by Matthew Saliman & Vladimir Vasilev
The 2016 presidential election is not the most popular topic among Europeans right now, when issues like the refugee crisis, the terrorist threats, Brexit, and climate change are more prominent concerns. Even with the TTIP agreement being debated in EU institutions, Europeans still feel the US elections as a distant process. Continue Reading
The Constitutional Affairs Committee (AFCO) of the European Parliament adopted by a large majority (14 votes in favour, 5 against, 3 abstentions) a report asking for the reform of the electoral law of the European Union for the next EU elections of 2019. The draft report has been prepared by two rapporteurs, which are part of the two main EU political groups, Danuta Hübner (EPP -PL) and Jo Leinen (S&D-DE), and will be put to vote in the EP plenary at the end of October.
The findings based on the factual analysis of the data are sometimes counter-intuitive to some. Since we started looking at the dynamics in the European Parliament in early 2009 we have revealed a number of state of facts which may have otherwise gone unnoticed. One of these is the fact that, in certain circumstances, it is not only the size of a parliamentary group that is instrumental in pushing through decisions of one’s choice. When none of the political groups holds a majority and the balance of power between the two big blocks at the left and the right is almost equal, the small groups may make the difference. This is particularly the case of the small group(s) who have a high coalition potential, i.e. who find it easy to swing between the center-left and the center-right.
In the case of the European Parliament, this parliamentary group is ALDE. One year after the elections, ALDE seems to have got back in its kingmaker seat at the table of the European Parliament. Although only 4th biggest now, ALDE has won more votes in the EP plenary than any other group. It is closely followed by the two ‘giants’, EPP and S&D, while the rest of the groups are far behind.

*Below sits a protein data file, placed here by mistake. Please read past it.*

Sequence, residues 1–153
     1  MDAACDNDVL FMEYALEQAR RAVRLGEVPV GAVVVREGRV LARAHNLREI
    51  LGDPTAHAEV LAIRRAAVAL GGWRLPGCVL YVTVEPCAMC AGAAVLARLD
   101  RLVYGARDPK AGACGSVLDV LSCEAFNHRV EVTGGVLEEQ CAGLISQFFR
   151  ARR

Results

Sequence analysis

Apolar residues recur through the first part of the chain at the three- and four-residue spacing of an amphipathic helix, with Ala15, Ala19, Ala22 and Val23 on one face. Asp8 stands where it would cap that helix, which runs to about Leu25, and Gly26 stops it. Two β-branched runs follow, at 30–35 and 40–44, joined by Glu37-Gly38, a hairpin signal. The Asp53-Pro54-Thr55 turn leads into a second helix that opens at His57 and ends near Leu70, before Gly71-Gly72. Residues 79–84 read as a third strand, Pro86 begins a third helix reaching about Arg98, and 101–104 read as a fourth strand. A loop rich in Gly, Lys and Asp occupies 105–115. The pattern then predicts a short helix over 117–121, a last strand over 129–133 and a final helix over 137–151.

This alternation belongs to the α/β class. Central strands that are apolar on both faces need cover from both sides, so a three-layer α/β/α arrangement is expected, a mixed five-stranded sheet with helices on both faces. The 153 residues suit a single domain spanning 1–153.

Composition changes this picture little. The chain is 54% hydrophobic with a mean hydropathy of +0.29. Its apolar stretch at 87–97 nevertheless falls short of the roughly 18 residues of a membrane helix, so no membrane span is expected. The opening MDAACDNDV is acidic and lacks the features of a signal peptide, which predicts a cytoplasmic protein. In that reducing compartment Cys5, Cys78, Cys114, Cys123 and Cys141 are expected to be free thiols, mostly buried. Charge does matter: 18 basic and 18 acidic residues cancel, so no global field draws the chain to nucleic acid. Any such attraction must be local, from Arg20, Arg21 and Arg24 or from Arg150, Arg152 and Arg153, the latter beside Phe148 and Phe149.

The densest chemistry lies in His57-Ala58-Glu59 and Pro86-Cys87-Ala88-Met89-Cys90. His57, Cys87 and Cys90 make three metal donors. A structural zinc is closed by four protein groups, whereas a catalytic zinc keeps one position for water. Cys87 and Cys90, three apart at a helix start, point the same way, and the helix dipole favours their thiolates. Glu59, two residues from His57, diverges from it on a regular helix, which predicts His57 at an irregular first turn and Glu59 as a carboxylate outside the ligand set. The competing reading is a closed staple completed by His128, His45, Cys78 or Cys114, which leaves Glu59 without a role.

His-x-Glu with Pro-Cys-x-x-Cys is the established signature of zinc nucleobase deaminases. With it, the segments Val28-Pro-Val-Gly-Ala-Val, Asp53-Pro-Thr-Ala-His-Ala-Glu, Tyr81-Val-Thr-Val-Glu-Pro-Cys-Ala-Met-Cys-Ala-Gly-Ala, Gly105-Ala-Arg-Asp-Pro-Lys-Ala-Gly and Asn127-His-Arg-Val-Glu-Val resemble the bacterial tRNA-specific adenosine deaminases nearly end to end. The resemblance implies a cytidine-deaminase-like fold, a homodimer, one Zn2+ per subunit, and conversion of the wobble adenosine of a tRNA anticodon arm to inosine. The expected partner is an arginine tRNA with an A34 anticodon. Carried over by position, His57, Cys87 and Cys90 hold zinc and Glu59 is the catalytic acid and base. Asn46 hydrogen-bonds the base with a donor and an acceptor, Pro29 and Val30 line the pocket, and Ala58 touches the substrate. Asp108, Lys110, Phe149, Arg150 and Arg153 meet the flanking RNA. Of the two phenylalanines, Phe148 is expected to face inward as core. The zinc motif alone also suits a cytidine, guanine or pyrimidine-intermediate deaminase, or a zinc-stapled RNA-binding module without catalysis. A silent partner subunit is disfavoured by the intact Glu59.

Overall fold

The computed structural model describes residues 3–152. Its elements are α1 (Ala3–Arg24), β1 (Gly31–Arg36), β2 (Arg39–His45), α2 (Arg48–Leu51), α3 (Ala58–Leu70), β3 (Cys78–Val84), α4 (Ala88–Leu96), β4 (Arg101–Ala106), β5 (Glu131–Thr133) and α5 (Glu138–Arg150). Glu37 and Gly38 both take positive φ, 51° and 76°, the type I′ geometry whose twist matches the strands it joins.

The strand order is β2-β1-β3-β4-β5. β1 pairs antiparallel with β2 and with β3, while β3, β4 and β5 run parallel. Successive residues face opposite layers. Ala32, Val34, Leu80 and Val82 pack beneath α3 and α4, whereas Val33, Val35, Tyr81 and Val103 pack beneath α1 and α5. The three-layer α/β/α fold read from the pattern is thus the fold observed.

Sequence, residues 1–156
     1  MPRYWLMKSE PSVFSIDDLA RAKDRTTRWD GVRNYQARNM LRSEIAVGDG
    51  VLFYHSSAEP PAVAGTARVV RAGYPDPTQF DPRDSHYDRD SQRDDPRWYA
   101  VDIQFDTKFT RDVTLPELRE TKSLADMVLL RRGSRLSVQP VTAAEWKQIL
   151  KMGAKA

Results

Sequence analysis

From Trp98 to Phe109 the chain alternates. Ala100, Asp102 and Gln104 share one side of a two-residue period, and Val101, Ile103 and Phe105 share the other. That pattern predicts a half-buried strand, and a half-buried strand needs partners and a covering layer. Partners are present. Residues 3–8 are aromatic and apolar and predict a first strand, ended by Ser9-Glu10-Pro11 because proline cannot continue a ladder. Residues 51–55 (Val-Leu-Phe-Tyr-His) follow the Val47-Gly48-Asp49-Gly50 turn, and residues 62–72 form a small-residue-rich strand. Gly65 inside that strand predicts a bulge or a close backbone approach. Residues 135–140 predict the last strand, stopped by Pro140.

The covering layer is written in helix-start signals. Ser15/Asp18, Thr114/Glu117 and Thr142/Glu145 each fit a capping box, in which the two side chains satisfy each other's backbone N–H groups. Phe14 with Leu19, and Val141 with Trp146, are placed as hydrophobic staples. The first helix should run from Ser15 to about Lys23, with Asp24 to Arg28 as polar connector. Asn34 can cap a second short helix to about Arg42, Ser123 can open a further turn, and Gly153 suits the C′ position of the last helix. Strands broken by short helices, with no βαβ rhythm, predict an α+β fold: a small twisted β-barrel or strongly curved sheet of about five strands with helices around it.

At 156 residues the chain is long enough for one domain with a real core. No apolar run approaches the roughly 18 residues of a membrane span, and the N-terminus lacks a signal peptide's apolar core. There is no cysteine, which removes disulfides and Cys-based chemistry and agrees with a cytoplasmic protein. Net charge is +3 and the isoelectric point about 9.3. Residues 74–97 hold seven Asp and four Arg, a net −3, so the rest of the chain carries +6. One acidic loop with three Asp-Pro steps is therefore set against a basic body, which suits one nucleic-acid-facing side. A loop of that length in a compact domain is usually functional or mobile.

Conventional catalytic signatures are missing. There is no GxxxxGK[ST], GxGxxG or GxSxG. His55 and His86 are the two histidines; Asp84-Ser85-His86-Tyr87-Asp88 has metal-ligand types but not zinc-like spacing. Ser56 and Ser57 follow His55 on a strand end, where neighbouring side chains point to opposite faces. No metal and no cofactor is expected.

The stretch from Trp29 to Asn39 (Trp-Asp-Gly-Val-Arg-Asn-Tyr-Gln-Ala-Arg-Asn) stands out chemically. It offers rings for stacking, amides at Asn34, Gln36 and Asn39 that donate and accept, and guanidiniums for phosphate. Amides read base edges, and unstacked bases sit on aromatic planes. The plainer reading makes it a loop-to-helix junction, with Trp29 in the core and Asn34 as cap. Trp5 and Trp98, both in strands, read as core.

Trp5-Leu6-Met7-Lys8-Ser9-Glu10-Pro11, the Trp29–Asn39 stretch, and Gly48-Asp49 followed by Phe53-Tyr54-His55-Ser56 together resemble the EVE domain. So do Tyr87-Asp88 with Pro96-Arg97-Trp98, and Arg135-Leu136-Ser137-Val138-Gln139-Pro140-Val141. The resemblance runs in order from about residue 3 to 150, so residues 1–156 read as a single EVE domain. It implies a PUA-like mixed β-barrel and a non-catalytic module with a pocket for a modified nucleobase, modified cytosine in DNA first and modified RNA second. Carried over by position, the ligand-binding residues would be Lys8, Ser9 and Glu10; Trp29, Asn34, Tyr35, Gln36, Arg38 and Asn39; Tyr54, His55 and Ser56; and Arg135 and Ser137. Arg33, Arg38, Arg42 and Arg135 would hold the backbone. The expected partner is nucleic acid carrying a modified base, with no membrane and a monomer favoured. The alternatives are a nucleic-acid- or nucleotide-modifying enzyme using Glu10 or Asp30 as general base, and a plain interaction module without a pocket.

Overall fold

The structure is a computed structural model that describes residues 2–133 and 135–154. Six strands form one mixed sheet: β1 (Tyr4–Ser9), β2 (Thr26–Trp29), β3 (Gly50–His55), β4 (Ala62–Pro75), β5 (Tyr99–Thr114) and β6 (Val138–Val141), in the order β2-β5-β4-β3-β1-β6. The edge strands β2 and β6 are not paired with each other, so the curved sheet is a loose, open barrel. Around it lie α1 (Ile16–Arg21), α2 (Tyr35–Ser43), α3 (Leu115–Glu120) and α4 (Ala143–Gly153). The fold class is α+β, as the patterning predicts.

There has been a lot of speculation lately about what the impact of the surprising election of Andrzej Duda as president of Poland could be for Europe and for his country. We did a fact-check to find out what his true views are on policy-making, by analysising his voting behavior as an MEP, a position he held since 2014.
What did we find: judging by his voting record, Mr. Duda has reservations with regard to Juncker’s Commission, is a strong supporter of Ukraine’s European aspirations, favours the inclusion of investor’s protection clause in international trade agreements and supports a bigger EU budget. He prefers security over privacy and shares Israel’s views on Middle East politics. He does not support ambitious targets for renewable energy or gender-based affirmation action and he opposes to promotion of contraception and abortion. Continue Reading
During the first six months of the current term of the European Parliament (July 2014 – December 2014), the three pro-European groups at the centre of the spectrum have succeeded in being ‘on the winning side’ much more often than the other groups, as a result of pre-vote agreements between them. Had there not been the vote in January 2015, when the political groups founded impossible to reach consensus on the Commission’s working plan for the current year, we could have concluded that a (super) grand coalition is alive and well. Continue Reading
Brussels, 27 February 2015. VoteWatch Europe, the organisation tracking the voting and activity records of the Members of the European Parliament (MEPs), has released a special report to shed light on the developments of the first 6 months of the new EP term. The report is based mainly on the roll-call votes in the EP plenary.
VoteWatch Europe finds that the “grand coalition” (EPP-S&D-ALDE) is more frequent in votes in this EP than in the previous two EPs. Continue Reading
On 30 September 2014, VoteWatch Europe presented a special policy brief that looks at the allocation of committee chairmanships and EP bureau posts since the 2004 EU enlargement until today. It shows that, as in the previous 10 years, the biggest and older Member States still hold the majority of the EP committees’ chairs positions. However, this representation gap between big/small and old/new Member States has substantially declined after the 2014 European elections, as a result of a combination of factors including the rise of anti-EU parties in ‘old’ EU. Continue Reading